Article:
The men's and women's ski teams have won 48 individual and team national championships while competing in the Northwest Collegiate Ski Conference of the United States Collegiate Ski and Snowboard Association.[33] The College's track and cross country teams have won eight individual and relay national titles. The men's baseball team has qualified for postseason play every year since 1987, winning the Division II NAIA national men's basketball championship in 1998. The men's basketball team won the 1996 NAIA Division II national title. The men's basketball team is currently coached by former UCLA assistant coach Scott Garson, achieved a number two ranking, and participated in the 2014 NAIA Men's Division II Basketball Tournament.[34]

All 19 of The College of Idaho's NAIA teams were honored as NAIA Scholar Team for 2008-09 season. Each team maintained an average GPA of at least 3.0. This set an all-time NAIA record for number of Scholar Teams in one season.[35]

Orma J. Smith Museum of Natural History

The College of Idaho houses the Orma J. Smith Museum of Natural History in William Judson Boone Hall. It is the only natural history museum for southwestern Idaho, southeastern Oregon, and northern Nevada. The natural history museum serves three main purposes: to support the educational programs at The College of Idaho, to provide a resource to the community, and to house resources for scientific research. The museum is a repository for some very large regional collections.[36] In fact, the College has loaned museum collections all across the world.[37]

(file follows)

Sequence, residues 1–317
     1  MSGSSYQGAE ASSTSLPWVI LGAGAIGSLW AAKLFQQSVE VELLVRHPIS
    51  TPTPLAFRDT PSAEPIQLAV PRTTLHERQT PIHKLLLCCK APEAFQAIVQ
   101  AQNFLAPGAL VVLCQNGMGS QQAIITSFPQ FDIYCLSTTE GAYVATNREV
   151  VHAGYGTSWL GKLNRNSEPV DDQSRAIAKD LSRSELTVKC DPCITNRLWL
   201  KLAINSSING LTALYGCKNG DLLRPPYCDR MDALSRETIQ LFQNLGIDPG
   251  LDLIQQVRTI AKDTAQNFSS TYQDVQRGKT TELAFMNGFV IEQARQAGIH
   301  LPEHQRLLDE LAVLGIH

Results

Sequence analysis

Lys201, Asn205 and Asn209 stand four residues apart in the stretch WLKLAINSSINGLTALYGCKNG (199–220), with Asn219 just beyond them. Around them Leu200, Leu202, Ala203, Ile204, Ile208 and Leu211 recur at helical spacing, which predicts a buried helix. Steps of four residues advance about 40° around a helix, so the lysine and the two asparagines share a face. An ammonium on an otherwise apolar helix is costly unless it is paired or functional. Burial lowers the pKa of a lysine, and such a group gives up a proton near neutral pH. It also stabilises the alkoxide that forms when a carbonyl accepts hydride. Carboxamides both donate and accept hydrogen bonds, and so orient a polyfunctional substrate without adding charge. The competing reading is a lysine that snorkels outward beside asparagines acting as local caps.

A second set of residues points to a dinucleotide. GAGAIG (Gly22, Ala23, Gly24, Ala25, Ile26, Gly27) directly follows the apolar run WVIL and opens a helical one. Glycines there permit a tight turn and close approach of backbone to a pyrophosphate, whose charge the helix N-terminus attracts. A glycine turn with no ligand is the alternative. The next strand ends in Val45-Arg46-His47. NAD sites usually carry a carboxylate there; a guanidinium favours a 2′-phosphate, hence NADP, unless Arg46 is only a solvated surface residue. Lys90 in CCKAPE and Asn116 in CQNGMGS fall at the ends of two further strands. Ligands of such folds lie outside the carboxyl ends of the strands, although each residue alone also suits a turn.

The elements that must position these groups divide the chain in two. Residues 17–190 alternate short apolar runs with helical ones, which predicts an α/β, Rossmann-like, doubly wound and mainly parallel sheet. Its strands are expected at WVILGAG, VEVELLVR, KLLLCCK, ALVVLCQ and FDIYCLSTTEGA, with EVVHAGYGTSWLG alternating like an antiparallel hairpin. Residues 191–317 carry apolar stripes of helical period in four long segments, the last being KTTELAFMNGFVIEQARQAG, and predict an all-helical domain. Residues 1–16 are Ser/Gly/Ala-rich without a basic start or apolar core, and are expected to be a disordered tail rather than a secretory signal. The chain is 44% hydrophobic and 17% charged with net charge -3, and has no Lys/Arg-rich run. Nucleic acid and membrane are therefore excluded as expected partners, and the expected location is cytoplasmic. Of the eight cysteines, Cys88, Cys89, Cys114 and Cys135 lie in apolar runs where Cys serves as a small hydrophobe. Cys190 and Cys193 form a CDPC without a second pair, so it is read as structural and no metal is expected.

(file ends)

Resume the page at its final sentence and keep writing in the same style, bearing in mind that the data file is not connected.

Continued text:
President Marvin J. Henberg was inaugurated as The College of Idaho's 12th President in the Fall of 2009. He is originally from Wyoming and is a first generation college graduate. Dr. Henberg received a full scholarship to Washington and Lee University. He is also a Rhodes Scholar recipient. Before C of I, President Henberg was the interim president and chair and a professor for Linfield College's philosophy department. Before Linfield College, Dr. Henberg was a philosophy professor for 18 years at the University of Idaho. He has a Ph.D. in philosophy from the University of Texas, and a B.A & M.A. (Honours) from Oxford University (Magdalen College).[38]

Noteworthy alumni

Among the alumni who have become elected officials, successful business owners, and other community leaders are two former governors, current Idaho governor C.L. "Butch" Otter, a Pulitzer Prize-winning historian, an Academy Award-winning musician, seven Rhodes Scholars, the founder of Albertson's Inc. and the co-founder of Patagonia Outerwear.